Summary: Do you feel insignificant in your service to God? You may be more powerful than you thought. Or do you feel pretty secure? You may be more in need and weak than you thought. Take some advice from Philadelphia and Laodicea.
Even as the Philadelphian church doesn’t receive even one rebuke - the church at Laodicea receives not one commendation - the contrast couldn’t be more stark - and that’s not the only contrast we’ll see as we compare these two churches.
-The church at Philadelphia was small in appearance but large in the Lord’s strength.
-The Laodicean church was large in their own eyes but nothing in the Lord’s estimation.
-In Philadelphia it was the Jews who would be reproved for not realizing Christ’s love for the church -
-In Laodicea it was the church that would be reproved for failing to recognize God’s love in Jesus Christ.
-In Philadelphia doors open all by themselves and stay open.
-In Laodicea they are behind closed doors and must open their hearts to Jesus coming in. The Philadelphians are kept from tribulation, the Laodiceans are put right into it.
The differences center around two things: the name of Jesus, and the Word of Jesus. Our response to who the person of Jesus Christ is, and His gospel will determine which church we are in.
Philadelphia - The Strong Church
"And to the angel of the church in Philadelphia write: ’The words of the holy one, the true one, who has the key of David, who opens and no one will shut, who shuts and no one opens.
8 "’I know your works. Behold, I have set before you an open door, which no one is able to shut. I know that you have but little power, and yet you have kept my word and have not denied my name. 9 Behold, I will make those of the synagogue of Satan who say that they are Jews and are not, but lie - behold, I will make them come and bow down before your feet and they will learn that I have loved you. 10 Because you have kept my word about patient endurance, I will keep you from the hour of trial that is coming on the whole world, to try those who dwell on the earth. 11 I am coming soon. Hold fast what you have, so that no one may seize your crown. 12 The one who conquers, I will make him a pillar in the temple of my God. Never shall he go out of it, and I will write on him the name of my God, and the name of the city of my God, the new Jerusalem, which comes down from my God out of heaven, and my own new name. 13 He who has an ear, let him hear what the Spirit says to the churches.’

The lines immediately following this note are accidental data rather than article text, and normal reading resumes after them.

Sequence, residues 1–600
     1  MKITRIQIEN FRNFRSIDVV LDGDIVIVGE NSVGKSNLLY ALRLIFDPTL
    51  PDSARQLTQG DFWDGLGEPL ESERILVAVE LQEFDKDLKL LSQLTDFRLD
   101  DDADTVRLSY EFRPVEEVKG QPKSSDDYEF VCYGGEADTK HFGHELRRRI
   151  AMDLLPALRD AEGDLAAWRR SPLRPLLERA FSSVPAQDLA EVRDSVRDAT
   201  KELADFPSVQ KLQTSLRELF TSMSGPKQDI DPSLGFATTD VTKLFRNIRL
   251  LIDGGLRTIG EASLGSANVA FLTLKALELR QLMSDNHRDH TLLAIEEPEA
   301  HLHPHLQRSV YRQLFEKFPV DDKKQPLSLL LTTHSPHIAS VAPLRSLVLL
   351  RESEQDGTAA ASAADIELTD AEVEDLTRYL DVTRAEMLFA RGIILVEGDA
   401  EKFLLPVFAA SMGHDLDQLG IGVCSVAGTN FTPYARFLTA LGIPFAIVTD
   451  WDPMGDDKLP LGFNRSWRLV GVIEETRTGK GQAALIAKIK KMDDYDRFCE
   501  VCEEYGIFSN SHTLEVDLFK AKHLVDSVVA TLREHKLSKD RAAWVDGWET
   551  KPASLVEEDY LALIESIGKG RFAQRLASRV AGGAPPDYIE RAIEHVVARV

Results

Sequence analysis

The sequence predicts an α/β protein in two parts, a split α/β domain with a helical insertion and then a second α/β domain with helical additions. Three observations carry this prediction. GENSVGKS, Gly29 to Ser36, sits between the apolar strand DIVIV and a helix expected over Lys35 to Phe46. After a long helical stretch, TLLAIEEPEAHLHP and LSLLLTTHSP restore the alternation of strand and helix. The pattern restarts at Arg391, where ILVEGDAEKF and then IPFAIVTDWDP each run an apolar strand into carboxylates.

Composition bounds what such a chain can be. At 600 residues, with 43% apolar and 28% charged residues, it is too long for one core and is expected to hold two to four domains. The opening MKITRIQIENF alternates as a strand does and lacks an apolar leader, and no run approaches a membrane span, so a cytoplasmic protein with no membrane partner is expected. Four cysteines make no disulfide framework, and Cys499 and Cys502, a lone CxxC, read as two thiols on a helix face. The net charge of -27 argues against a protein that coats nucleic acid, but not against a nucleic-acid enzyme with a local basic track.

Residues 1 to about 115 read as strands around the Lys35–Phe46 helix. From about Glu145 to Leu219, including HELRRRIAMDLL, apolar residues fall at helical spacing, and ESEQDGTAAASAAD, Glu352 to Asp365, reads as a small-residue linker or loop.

This introduction is different than the others in that we don’t see this description of the Lord in chapter 1. The key of David is a reference to Isaiah 22:22. Here the palace secretary: Shebna, is removed from office and Eliakim is put into his place. The "key" referred to the fact that Eliakim could literally open or close any door he wanted because that was the highest position in the court of David. It speaks of absolute authority - which is what the Root and Offspring of David - Jesus Christ - has. Jesus will call Himself that in Chapter 22 of this book (verse 16).
It’s not a matter of having a great church, but a great God. No matter how small you are - the power of the Lord can accomplish His will. What matters is keeping His Word and His name. The Philadelphian church was small and insignificant. Its members were discouraged because they saw little growth. Neither significance nor growth in numbers are the hallmarks of a successful church in Jesus’ eyes. The successful church in Jesus’ eyes has 1) the evident love of Jesus flowing in it’s midst (verse 9), active in working for the Lord - not based on human standards but God led (verse 8), members who are maturing in their faith ("patient endurance"). So the first thing is to rely on the Lord’s Provision, not man’s plans.
In Smyrna it seemed as if the enemy won for a time - "throw you in prison." Here it is the enemy that comes to bow at their feet. And what will this defeated enemy have to acknowledge? The love of Jesus for His saints. The Jews gave the Philadelphians a really hard time. Jesus told the church of Smyrna that Jews who rejected Jesus would gather, thinking they were a synagogue of God, but really served Satan. In John 8 Jesus told the Jews who rejected Him that they were "of your father the devil."
The Ephesians were also patiently enduring - but they lacked love. Thyatira patiently endured but were compromised by the tolerance of sin.